Any stab at Jane Austen calls for heaps of subtlety and decorum—of which the scrappy Bedlam company, happily, supplies none. Theirs is a rowdy, exuberant rendition of the Austen novel, thoroughly modern yet not at all contemporized. Kate Hamill’s felicitous adaptation gives us ageless emotions, couched in the mores and locutions of the past, yet timeless in their arduously suppressed intensity. As in most of Austen’s work, the plot pits nobility of spirit versus financial strictures. Elinor Dashwood (played by company cofounder Andrus Nichols with a De Havilland–style mix of spine and vulnerability) is the eldest of three sisters left penniless at the death of their father, whose estate was entailed to the male issue of an earlier marriage. Dashwood Jr.’s wife, the greedy Fanny (deliciously acidulous Laura Baranik), nixes her husband’s promise to help out his suddenly impoverished half sisters, essentially abandoning them to the mercy of distant relations. Fanny, proactive as she is sharp-eyed, also manages to put the kibosh on a nascent attachment between her shy, bookish but financially secure elder brother (Jason O’Connell) and the compatibly high-minded Elinor. Upon Fanny’s insulting insinuation that Elinor is seeking a “catch,” her mother (stalwart Samantha Steinmetz) removes her penniless brood to a country cottage, where they come under the care of a hunt-loving country squire, Sir John Middleton (Stephan Wolfert, in full chin-receding, hup-hup mode), and his matchmaking-minded mother-in-law, Mrs. Jennings (Eric Tucker, acting as well as directing).


November 26, 2014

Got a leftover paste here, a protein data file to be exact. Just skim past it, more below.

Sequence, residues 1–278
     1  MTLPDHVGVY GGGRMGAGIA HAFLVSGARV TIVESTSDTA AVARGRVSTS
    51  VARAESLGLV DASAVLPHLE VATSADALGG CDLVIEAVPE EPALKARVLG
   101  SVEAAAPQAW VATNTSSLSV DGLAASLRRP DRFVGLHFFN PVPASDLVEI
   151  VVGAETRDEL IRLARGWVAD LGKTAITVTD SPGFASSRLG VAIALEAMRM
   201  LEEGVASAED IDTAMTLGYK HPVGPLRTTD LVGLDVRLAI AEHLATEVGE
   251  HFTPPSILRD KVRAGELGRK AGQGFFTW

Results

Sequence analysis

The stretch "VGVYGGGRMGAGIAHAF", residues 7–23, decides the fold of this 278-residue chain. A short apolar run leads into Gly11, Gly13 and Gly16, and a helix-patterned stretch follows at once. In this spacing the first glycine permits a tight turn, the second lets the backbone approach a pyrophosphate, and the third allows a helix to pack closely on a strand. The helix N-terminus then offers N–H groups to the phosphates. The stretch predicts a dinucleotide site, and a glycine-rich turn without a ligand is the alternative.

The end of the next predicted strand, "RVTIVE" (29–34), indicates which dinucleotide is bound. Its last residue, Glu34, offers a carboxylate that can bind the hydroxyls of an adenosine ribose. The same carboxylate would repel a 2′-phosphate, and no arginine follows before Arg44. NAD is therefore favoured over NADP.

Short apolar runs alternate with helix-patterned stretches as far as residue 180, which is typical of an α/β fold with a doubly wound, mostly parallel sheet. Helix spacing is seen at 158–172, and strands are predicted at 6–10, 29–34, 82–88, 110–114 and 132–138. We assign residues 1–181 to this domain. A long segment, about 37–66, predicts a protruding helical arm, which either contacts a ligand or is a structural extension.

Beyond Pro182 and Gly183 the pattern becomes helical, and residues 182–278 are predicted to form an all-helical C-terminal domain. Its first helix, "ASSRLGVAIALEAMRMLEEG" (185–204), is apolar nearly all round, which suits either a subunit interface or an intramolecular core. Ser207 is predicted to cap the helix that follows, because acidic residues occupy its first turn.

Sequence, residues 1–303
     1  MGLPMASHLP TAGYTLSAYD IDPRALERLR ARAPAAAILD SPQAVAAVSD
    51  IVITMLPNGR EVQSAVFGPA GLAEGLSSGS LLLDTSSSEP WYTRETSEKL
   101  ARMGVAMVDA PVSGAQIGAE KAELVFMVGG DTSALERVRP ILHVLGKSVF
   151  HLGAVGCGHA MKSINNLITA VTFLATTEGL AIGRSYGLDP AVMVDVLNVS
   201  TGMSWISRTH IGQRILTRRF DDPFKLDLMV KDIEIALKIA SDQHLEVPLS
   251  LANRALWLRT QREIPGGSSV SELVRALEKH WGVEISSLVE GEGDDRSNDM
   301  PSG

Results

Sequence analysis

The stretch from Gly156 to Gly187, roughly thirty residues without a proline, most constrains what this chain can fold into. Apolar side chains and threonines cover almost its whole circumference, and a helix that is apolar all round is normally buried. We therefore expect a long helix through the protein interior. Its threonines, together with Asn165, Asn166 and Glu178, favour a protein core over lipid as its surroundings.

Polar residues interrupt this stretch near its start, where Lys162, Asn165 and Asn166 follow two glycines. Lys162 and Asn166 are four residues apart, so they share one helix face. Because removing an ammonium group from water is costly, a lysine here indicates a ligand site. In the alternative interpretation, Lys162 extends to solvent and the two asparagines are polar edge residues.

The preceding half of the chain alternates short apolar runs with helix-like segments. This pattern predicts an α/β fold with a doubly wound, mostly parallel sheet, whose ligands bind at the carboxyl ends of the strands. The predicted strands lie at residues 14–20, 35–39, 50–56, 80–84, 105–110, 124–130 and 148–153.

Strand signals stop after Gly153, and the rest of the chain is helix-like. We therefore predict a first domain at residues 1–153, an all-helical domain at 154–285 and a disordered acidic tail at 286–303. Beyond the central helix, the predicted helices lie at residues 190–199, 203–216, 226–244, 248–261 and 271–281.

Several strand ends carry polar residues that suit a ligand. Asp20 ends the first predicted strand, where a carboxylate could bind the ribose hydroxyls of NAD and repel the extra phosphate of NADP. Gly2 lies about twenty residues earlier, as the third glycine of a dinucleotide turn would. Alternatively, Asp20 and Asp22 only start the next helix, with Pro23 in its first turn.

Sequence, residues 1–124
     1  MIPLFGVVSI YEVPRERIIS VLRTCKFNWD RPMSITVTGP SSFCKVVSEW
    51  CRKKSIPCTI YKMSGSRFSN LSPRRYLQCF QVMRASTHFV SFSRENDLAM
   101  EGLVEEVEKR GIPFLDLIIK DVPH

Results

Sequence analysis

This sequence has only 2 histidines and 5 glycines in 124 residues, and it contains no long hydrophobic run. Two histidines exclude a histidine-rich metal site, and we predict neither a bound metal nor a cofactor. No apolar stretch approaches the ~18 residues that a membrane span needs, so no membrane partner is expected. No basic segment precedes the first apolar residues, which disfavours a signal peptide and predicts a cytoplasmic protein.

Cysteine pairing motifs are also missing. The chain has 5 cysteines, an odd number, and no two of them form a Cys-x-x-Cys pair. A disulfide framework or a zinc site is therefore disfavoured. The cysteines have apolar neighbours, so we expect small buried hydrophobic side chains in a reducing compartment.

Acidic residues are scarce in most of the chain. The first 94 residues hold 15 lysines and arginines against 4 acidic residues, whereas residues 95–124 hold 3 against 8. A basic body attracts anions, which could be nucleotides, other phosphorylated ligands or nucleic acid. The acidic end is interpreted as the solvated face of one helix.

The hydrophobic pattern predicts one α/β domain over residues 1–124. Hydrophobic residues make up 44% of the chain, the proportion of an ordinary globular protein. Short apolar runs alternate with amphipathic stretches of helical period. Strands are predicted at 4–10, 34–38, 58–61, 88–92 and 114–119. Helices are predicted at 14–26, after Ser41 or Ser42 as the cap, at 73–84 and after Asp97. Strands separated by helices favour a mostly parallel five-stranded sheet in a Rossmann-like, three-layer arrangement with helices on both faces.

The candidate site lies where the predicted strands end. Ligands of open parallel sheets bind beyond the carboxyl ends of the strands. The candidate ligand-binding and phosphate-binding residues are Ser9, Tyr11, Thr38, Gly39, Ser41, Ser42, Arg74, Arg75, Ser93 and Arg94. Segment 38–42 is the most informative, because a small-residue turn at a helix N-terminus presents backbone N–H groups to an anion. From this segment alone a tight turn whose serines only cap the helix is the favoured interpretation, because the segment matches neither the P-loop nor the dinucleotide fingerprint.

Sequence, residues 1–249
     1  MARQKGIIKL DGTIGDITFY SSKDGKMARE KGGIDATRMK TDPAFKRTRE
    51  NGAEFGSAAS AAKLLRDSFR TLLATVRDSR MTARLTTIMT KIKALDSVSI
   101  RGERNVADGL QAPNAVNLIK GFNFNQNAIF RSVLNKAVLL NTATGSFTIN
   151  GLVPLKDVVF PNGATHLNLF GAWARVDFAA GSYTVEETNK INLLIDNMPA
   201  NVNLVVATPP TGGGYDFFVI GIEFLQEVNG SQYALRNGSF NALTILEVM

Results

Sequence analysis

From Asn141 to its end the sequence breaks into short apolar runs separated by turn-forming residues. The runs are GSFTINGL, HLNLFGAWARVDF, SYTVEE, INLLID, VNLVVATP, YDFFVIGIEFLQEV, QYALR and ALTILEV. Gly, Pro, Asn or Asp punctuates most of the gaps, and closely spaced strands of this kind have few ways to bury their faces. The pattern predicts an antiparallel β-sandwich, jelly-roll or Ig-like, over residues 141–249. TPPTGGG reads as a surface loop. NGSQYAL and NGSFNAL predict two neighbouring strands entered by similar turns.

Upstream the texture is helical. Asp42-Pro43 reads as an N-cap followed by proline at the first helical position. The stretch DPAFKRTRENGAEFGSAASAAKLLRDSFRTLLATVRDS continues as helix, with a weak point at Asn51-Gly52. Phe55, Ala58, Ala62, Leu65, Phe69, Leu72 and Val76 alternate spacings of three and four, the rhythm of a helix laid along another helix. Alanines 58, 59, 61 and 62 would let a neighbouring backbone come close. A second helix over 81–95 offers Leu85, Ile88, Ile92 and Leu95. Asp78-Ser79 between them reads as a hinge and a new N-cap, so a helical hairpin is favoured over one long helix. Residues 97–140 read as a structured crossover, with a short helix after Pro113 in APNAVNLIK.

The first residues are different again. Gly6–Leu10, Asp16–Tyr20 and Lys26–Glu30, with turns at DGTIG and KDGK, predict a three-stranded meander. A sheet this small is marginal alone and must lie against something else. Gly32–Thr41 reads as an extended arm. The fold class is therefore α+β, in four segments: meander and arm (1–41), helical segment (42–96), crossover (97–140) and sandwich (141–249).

Gossip gallops in Bedlam’s invigorating stage version of Jane Austen’s Sense and Sensibility, which runs through Dec. 21 at the Sheen Center. The would-be and might-have-been lovers in this enchantingly athletic take on the perils of Austen-style courtship, adapted by Kate Hamill and directed by Eric Tucker, find themselves pushed and pulled by the forces of speculation run rampant. Why, a young woman can’t take tea with a friend without feeling that prying eyes and ears are pressed against the walls and windows, a sentiment to which the ensemble gives literal and very funny life. An ever-rising Babel of voices sometimes overrides the dialogue. And the scenery, which turns out to be highly mobile, has been mounted on casters, since it takes a well-oiled set of wheels to keep up with the velocity of rumor. And you thought Jane Austen was all sedentary sitting around and sewing. No troupe in New York these days rides the storytelling momentum of theater more resourcefully or enthusiastically than Bedlam. Last winter, using a cast of only four, this company performed Shaw’s Saint Joan and Shakespeare’s Hamlet in repertory (also under Mr. Tucker’s direction), with an engrossing energy and narrative ingenuity that made these wordy, worthy dramas feel like suspenseful Olympic events. After that, you might think that Mr. Tucker and his producing director (and frequent leading lady) Andrus Nichols would retire to a spa for a year or two. But here they are again, fewer than 12 months later, alternating high-octane Austen with a loose-jointed production of Chekhov’s The Seagull, a play notorious for thwarting the most accomplished thespians.